These disorders may impact communication skills, coordinated muscular movements, difficulty in articulating words as well as swallowing, and paralysis of facial muscles. Our speech-language pathologists may also address patients focus on tasks, and memory, reasoning, and problem-solving. Other cognitive strategies may be explored for executive functioning (such as goal-setting, planning, self-awareness, and self-monitoring.

 

Many people believe we only provide therapy to children- for stuttering or speech impediments, we are really so much more. We’re #NotYourAverageClinic

By on August 28, 2017 in Cognitive Therapies, General, Philanthropy, Resources, Speech Therapy, Voice Disorders, What to Expect, Who We Are

What does a meltdown feel like when you’re on the spectrum?

What does the other side of a meltdown feel like when the person having the meltdown has autism? It’s never just about dropping an action-figure or not being able to press the button on an elevator wall. When they have a meltdown, it’s as if something of paramount importance has been taken, lost, or stolen.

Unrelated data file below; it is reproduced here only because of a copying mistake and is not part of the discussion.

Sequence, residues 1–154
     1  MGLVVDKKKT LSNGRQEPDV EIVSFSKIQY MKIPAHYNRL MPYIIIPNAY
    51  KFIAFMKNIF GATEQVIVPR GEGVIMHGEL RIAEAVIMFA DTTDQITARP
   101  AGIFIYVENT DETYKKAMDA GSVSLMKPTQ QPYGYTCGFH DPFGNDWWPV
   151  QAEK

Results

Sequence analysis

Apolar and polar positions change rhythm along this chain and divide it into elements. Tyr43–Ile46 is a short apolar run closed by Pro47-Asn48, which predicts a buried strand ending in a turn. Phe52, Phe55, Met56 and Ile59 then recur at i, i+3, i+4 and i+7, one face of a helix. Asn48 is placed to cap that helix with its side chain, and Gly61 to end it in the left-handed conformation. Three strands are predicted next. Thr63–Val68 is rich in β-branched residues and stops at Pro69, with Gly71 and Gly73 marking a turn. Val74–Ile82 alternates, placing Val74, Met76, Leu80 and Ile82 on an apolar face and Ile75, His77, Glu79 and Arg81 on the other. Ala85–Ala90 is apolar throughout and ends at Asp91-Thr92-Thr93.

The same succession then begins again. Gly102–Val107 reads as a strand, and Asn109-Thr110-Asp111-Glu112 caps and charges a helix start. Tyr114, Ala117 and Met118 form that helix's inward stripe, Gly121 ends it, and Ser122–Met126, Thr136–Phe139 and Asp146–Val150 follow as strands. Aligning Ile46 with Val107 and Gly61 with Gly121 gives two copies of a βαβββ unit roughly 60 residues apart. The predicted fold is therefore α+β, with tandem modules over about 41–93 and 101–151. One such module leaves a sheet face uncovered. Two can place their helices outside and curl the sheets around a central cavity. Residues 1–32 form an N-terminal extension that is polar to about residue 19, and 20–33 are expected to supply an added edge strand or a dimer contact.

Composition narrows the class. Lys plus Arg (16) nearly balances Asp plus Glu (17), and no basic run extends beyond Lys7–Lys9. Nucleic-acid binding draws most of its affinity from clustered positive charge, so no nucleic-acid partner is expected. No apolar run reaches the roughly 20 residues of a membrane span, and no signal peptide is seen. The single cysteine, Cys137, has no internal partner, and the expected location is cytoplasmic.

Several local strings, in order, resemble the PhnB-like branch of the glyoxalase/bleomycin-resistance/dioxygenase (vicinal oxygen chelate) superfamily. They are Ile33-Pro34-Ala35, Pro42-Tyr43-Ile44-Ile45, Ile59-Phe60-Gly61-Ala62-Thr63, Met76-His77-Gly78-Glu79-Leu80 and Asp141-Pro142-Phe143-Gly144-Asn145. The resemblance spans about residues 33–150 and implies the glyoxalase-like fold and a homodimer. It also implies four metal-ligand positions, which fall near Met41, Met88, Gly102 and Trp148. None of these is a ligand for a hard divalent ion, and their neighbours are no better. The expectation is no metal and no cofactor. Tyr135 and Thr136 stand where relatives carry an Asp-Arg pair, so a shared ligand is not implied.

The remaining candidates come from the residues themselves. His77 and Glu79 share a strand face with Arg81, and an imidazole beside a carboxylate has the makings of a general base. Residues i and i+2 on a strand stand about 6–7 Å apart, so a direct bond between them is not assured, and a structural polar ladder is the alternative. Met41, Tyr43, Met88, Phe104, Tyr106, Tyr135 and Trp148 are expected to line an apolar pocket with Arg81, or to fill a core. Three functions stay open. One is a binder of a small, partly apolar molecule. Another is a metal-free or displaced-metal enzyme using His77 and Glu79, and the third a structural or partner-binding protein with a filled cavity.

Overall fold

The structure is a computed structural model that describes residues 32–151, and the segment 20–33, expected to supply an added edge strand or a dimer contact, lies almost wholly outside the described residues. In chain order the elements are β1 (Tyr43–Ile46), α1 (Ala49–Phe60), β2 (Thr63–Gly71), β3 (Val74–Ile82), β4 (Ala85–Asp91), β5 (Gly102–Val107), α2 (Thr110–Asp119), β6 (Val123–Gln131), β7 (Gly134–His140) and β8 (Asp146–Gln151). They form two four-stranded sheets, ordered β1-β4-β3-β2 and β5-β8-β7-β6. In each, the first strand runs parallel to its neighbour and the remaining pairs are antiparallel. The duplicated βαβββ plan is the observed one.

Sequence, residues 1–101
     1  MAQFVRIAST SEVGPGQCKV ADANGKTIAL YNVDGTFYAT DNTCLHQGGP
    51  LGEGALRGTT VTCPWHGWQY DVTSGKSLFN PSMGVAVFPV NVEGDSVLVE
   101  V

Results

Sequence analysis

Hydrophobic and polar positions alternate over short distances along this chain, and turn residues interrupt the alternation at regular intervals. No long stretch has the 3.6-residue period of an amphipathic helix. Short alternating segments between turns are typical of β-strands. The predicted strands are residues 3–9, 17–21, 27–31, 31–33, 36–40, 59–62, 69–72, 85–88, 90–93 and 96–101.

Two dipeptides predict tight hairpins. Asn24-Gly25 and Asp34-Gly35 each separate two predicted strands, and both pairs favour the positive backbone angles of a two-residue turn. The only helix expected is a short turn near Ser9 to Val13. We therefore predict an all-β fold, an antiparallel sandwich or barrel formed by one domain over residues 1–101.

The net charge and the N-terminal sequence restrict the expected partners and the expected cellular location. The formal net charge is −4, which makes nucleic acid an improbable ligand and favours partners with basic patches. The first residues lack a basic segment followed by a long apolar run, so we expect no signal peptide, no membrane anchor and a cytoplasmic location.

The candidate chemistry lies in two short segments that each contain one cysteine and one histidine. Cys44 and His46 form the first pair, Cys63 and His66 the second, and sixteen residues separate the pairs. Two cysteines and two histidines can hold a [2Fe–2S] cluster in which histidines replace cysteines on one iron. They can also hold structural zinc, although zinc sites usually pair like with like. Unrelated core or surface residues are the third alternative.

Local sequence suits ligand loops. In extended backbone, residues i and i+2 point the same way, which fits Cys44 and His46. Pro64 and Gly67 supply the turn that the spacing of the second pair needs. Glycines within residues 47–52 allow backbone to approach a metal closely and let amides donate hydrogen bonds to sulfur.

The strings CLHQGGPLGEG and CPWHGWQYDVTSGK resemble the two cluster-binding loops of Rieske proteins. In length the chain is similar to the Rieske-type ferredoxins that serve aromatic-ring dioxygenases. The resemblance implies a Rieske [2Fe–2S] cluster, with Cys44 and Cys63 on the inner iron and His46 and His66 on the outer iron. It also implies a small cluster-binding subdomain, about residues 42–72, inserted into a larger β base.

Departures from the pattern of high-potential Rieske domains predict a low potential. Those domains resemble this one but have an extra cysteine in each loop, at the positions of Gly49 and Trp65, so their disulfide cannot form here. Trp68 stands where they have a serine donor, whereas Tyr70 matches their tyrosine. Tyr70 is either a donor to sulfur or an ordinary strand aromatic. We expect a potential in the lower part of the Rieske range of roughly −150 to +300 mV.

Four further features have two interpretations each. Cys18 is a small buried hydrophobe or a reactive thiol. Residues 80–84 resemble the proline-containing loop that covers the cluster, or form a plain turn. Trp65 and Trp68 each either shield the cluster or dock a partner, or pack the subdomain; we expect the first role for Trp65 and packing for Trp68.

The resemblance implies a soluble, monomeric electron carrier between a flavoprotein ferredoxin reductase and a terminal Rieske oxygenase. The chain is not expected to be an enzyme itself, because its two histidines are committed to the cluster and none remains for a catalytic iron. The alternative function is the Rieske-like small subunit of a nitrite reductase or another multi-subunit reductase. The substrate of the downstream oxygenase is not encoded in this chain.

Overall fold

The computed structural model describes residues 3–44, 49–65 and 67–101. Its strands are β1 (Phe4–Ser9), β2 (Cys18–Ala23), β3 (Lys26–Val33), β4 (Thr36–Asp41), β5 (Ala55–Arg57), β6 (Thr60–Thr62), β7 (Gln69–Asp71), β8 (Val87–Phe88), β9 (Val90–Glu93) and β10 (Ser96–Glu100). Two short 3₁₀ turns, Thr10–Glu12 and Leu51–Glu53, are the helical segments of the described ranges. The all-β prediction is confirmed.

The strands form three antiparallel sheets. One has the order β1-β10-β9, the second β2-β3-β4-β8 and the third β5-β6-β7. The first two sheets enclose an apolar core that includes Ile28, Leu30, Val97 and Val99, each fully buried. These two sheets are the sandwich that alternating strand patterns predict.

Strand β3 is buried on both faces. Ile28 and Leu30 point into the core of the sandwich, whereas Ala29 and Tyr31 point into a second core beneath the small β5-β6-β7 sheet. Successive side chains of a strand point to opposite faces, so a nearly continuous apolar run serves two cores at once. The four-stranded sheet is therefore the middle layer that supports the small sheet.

Everything is too much and they feel overwhelmed and powerless. It’s not the action-figure falling on the ground, rather it’s a build-up of things that may have recently happened. It’s just, that toy was the last thing that person could control. Pressing that elevator button was one of the limited joys that person may have. They want interaction in their universe what ever that means to them and when it’s lost, it’s tragic. Often or always that internal struggle is invisible to all who witness the meltdown.

By on August 24, 2017 in Autism Treatment, Cognitive Therapies, Feeding & Swallowing Therapies, General, Health Insurance 101, Hearing Impairment, Philanthropy, Resources, Speech Therapy, Uncategorized, Videos, Voice Disorders, What to Expect, Who We Are

Power of the Whiteboard- Family Time Management Tool

Use of a whiteboard is great support for getting tasks completed.  They keep a to-do list in sight and can help with productivity and fewer family conflicts.

 

– Placement is key